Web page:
In this case, of course, it would only apply to a subset of the population (low-income folks), and it would only apply to a subset of their food choices (those paid with food stamps). But it also gets the government more involved in making these determinations. If conservatives go along with a junk food ban on food stamps, it will make it harder for them to take a stand against other related legislation on nutrition, be it a nationwide soda tax or something else. Needless to say, this would not be a positive development.
Confusing the Issue
From a libertarian perspective, the essential problem with the food stamps program is that it requires the redistribution of wealth through taxation. The harm involved here is caused by taxation. How the government happens to spend or give away the money after it takes it might be more or less appalling, but it’s not the key issue.
In the case at hand, there is not a compelling, self-interested reason for a taxpayer to care if the $67B food stamp program was used for soda or fruit; they’re not getting the money back either way.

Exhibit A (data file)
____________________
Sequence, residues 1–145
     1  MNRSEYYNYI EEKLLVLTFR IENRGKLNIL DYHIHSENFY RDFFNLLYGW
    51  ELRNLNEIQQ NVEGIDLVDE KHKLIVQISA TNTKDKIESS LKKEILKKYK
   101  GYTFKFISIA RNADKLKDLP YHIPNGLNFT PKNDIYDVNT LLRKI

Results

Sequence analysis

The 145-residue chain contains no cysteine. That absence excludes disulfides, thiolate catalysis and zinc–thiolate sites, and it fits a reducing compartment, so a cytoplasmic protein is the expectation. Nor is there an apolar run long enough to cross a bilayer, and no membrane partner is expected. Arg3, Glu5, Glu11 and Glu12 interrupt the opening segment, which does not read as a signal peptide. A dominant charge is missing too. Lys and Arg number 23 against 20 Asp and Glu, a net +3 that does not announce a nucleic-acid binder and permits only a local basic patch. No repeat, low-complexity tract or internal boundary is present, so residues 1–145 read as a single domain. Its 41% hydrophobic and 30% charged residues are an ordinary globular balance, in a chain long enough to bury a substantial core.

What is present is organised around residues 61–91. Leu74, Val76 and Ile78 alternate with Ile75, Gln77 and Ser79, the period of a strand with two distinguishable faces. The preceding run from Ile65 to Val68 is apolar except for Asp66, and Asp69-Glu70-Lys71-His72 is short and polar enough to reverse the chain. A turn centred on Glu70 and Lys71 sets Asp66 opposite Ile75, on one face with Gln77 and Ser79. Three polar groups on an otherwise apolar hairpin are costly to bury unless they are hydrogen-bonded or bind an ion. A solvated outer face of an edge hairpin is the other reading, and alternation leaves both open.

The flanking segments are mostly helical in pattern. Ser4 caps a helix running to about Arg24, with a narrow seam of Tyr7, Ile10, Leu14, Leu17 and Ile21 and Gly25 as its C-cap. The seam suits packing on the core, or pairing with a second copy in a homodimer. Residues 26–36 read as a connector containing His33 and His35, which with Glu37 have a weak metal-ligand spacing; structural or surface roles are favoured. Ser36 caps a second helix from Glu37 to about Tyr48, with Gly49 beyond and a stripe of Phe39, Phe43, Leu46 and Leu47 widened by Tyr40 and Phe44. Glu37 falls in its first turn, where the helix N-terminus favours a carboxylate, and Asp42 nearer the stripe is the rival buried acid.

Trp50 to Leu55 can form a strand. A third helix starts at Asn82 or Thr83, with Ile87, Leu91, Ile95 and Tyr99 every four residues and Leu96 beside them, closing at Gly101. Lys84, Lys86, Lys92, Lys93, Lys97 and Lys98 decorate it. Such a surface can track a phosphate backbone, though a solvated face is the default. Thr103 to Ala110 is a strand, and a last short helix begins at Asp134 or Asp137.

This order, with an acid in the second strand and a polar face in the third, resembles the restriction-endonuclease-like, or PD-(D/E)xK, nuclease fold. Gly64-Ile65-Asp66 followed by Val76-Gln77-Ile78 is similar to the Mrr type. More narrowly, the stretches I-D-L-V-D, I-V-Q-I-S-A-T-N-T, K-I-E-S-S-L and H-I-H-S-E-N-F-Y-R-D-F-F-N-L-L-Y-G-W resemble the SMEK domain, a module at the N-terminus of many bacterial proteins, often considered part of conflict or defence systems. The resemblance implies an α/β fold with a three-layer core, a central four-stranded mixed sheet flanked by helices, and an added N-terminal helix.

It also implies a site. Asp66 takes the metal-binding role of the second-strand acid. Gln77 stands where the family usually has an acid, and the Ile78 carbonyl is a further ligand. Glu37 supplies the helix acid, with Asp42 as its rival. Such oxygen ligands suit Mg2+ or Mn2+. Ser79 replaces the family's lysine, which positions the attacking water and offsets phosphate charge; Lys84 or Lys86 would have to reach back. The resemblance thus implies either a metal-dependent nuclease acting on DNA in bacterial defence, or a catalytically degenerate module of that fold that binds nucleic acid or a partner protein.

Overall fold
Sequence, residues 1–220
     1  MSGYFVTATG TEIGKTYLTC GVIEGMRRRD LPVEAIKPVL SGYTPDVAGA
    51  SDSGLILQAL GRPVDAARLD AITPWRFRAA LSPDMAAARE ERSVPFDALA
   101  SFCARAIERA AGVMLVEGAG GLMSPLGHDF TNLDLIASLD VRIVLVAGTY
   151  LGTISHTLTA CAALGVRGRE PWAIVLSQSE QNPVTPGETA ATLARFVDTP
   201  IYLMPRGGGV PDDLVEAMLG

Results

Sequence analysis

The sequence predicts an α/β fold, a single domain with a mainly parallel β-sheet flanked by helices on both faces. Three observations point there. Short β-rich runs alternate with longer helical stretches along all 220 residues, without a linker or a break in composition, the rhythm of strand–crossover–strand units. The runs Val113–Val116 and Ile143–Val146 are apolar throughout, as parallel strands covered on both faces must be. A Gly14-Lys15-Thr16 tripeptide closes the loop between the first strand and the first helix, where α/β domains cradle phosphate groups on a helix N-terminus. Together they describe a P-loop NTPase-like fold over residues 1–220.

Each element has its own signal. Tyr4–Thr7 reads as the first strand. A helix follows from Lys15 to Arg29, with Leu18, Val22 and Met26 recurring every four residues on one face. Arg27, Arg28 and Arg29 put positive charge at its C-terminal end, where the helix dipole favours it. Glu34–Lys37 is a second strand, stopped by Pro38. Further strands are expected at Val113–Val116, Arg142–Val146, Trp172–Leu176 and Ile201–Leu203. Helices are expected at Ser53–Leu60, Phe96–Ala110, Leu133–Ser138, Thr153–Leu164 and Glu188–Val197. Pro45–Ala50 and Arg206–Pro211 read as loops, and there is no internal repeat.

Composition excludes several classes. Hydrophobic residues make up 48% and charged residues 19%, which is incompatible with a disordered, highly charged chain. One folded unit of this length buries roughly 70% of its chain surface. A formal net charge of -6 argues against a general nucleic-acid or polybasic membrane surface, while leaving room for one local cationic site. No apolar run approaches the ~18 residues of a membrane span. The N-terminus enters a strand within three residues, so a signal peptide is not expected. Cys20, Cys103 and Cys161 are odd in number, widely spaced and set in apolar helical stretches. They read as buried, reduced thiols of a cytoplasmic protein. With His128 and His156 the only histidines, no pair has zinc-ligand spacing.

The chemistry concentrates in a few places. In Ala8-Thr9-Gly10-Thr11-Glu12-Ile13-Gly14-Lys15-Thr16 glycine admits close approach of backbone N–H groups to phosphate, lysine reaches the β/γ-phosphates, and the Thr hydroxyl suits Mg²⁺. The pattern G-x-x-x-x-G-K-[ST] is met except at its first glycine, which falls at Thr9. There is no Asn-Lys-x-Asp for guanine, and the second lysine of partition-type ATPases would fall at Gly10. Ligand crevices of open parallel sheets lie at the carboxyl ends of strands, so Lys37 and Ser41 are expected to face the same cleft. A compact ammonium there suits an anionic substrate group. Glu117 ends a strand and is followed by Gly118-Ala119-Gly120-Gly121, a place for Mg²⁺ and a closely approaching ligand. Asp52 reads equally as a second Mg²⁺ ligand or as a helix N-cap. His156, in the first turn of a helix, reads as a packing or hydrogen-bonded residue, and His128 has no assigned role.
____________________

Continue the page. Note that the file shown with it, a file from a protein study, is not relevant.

Edwards suggests that eliminating the ability to purchase junk food on food stamps might reduce demand for food stamps and thereby reduce taxpayer expenditures. While this argument is plausible, it seems unlikely. Implicitly, it assumes that some people are using food stamps to supplement a sweet tooth and would simply not use all of their benefits if junk food was eliminated. That is, poor people would be offered free food and turn it down because it didn’t fit their preferences.
Given that the food stamps program is not terribly lucrative to begin with and is only available to low-income people, this response would be strange. Substituting other foods to still fully utilize their benefit would be a more rational and likely behavior.